This is an archived article that was published on sltrib.com in 2006, and information in the article may be outdated. It is provided only for personal research purposes and may not be reprinted.
ANCHORAGE, Alaska - A Utah man survived a 2,600-foot fall off Mount McKinley last week while attempting to ski down a treacherous gully nicknamed the Orient Express, according to officials at Denali National Park and Preserve.
"I was literally being thrashed," said Ed Maginn, of Salt Lake City. ''I thought, 'Please let me hit something to put me out of my misery.' ''
Maginn, a 34-year-old Army Reserve officer, said he smacked into the hard snow countless times, often with his face, during the fall Thursday night.
Maginn was flown off the mountain to Anchorage early Friday afternoon, park officials said. He was treated at Alaska Regional Hospital and released. His most serious injuries appeared to be scratches on his corneas.
"I feel rough, but nothing's broken, and I'm getting around," Maginn told The Anchorage Daily News on Friday. "I thought I was dead. I've got a lot of thinking to do here."
Maginn, an experienced ski mountaineer, was skiing McKinley for the first time with two friends.
The Orient Express, next to the more popular West Rib route, is infrequently climbed. Fewer than 5 percent of the more than 1,200 climbers who annually attempt McKinley use it, said Daryl Miller, South District ranger for Denali National Park.
Since 1972, 15 men and women have died while descending it on crampons, according to the Park Service.
Maginn said he started skiing about 10:30 p.m. on Thursday and had already passed the hardest part of the route starting from the mountain's summit.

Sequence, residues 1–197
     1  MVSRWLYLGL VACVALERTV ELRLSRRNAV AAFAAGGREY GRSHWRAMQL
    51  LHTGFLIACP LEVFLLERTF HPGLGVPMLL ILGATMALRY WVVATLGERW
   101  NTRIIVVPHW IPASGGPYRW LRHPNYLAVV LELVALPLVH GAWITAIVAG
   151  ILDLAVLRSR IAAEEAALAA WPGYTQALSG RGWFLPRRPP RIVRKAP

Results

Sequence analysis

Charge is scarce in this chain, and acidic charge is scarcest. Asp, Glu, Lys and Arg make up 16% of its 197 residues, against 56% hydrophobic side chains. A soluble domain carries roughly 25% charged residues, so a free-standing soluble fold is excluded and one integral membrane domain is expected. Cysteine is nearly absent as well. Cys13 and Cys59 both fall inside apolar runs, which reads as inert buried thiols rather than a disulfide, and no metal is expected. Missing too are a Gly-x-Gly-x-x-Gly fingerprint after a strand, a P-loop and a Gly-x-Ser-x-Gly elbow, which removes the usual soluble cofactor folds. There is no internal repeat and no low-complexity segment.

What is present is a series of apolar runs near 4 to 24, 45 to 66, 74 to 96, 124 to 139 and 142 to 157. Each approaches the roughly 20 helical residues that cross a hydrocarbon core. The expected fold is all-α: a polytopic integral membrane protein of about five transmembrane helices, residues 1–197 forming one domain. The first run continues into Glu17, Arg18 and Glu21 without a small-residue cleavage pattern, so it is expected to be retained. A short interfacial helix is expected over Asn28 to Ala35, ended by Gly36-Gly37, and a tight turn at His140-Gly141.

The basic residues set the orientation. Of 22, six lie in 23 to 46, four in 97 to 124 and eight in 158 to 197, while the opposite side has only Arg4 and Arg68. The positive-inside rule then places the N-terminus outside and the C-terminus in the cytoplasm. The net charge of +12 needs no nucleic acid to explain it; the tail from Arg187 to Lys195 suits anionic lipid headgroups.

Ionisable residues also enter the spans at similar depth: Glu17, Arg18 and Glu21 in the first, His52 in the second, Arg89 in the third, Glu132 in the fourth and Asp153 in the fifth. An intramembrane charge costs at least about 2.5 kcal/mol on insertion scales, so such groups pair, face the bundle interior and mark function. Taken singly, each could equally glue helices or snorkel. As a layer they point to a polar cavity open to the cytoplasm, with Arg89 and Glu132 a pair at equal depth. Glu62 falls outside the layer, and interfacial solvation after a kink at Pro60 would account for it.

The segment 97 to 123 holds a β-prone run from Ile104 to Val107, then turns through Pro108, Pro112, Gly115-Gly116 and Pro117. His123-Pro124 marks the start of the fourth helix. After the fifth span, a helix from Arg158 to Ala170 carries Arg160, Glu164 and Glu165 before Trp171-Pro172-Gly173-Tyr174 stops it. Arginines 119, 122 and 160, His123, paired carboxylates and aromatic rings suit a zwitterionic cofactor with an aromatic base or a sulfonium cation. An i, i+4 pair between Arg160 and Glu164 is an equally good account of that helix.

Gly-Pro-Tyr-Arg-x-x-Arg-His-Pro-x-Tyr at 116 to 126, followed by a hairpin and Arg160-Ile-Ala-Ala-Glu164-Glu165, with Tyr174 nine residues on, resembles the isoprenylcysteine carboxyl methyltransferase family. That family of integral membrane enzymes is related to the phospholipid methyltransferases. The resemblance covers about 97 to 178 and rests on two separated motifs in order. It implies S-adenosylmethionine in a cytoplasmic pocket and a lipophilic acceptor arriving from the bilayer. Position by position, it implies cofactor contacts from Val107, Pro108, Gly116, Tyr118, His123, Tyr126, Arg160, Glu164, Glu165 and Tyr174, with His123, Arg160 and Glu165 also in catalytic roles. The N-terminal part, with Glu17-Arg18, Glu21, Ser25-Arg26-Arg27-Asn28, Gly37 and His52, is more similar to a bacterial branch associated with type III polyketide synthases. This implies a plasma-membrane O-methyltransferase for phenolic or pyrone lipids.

He hit a wind drift of snow at about 18,300 feet and fell. He was going too fast to stop as he kept trying to dig the special ax heads of his ski poles into the snow.
"Two times I hit incredibly hard," he said. "I wanted the next one to be the death blow."
Maginn's fall ended at 15,700 feet. His mouth and eyes were jammed with snow and his pack was beside him. He's not sure if he lost consciousness, he said.
His partners, the only witnesses to Maginn's fall, thought it was fatal, as did rangers they contacted by radio at a camp at 14,200 feet.
Rangers found Maginn as he was walking toward the camp, according to a statement from the park.
Park officials said his injuries are consistent with a long fall.
"He's pretty banged up for sure," spokeswoman Maureen McLaughlin said. "I don't think we have any doubt that he fell an incredibly long distance."
Maginn said he doesn't know if he'll return to McKinley.
"I haven't sorted everything out yet," he said.